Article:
For the third time in four years, California voters are deciding whether doctors should be required to notify parents before performing an abortion on an unemancipated minor.
Proposition 4, similar to laws in 35 states, also requires a 48-hour waiting period.
In 2005, the first year the abortion question was on the ballot, 54 percent voted against it. A year later, that rose to 56 percent.
But with a presidential election bringing out many more voters than usual, proponents are hoping the election will bring enough of their supporters to finally put the measure over the top. Proposition 8, which would constitutionally ban same-sex marriage, also is expected to bring social conservatives to the polls in large numbers.
Proponents of the abortion-notification initiative say minor language tweaks in their latest attempt should make the measure more palatable to voters. The changes are intended to answer arguments that some minors could be abused if their parents were told of their pregnancies.
The latest version allows minors to request that another adult relative, instead of a parent or guardian, be notified.
Opponents say Proposition 4 is a thinly disguised attempt to chip away at abortion rights.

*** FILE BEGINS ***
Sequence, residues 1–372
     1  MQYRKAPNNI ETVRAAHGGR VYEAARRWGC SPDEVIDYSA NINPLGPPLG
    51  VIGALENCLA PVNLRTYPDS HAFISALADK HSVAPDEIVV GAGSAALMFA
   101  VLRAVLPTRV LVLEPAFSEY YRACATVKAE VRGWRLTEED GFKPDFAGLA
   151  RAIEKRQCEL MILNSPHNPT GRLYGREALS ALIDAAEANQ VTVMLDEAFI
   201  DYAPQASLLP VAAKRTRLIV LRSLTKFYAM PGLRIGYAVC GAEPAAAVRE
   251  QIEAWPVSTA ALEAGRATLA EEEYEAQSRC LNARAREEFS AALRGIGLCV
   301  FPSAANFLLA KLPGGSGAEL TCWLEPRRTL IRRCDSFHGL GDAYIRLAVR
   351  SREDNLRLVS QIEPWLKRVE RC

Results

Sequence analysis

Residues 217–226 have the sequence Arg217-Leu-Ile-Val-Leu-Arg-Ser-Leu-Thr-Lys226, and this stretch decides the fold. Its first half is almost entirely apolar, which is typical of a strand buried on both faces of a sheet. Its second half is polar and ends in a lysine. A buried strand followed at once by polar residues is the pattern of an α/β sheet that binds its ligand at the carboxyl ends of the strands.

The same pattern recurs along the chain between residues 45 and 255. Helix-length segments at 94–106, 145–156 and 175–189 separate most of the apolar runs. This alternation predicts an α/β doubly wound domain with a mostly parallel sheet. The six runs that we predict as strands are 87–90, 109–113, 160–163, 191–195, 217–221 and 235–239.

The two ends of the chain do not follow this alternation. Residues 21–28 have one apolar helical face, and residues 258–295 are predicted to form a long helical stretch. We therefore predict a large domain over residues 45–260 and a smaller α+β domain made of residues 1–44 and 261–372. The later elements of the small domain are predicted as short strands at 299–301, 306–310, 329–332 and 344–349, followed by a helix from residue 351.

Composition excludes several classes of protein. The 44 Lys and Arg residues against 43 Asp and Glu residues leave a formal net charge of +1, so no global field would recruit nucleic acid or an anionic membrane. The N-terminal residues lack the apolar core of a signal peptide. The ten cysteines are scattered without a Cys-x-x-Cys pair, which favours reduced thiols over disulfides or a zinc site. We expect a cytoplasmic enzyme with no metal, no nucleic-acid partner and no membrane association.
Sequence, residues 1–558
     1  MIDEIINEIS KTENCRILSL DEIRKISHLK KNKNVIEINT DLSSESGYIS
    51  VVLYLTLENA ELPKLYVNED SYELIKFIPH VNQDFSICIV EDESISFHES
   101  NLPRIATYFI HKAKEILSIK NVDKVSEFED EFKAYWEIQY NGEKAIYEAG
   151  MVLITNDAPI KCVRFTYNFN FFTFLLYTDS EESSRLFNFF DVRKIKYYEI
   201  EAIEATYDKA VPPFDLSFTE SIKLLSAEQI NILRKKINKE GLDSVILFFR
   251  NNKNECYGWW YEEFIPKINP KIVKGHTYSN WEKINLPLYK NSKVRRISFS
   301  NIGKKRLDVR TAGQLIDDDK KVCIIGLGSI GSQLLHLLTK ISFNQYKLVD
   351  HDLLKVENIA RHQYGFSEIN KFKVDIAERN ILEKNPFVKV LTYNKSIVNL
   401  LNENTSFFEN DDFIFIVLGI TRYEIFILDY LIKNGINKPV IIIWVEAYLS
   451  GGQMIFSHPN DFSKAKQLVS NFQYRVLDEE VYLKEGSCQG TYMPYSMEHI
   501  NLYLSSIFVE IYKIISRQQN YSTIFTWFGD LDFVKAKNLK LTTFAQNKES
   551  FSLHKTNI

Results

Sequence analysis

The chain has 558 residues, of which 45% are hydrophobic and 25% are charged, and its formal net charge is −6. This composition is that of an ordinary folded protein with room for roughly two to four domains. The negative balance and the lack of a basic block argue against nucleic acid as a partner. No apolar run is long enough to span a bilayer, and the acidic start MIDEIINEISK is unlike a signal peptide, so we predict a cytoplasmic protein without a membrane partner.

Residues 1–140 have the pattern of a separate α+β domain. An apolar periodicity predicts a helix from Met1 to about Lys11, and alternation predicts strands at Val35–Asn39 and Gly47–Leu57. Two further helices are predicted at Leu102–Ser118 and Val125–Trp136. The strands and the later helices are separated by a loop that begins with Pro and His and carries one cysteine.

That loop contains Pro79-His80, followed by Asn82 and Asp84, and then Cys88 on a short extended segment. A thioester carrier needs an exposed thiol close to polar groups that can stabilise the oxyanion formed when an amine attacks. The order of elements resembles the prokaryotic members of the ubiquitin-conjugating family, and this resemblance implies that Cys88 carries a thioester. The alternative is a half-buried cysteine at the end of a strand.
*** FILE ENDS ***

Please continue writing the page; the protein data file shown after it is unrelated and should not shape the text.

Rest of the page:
They say the provision for minors who do not want their parents told requires that the minor write a detailed statement that the health care provider must report, triggering an investigation by Child Protection Services. Many teenagers, the opponents say, would not want to disclose abuse if they knew it would lead to an investigation.
Proposition 4's principal sponsor is James Holman, publisher of the San Diego Reader, a weekly newspaper. He has contributed more than $1.3 million of the reported $2.6 million raised for the measure. He also bankrolled the 2005 and 2006 measures.
Gov. Arnold Schwarzenegger supports Proposition 4, while the California Teachers Association opposes it.
The principal opponents include several chapters of Planned Parenthood, which have helped the No on 4 campaign raise $6.4 million.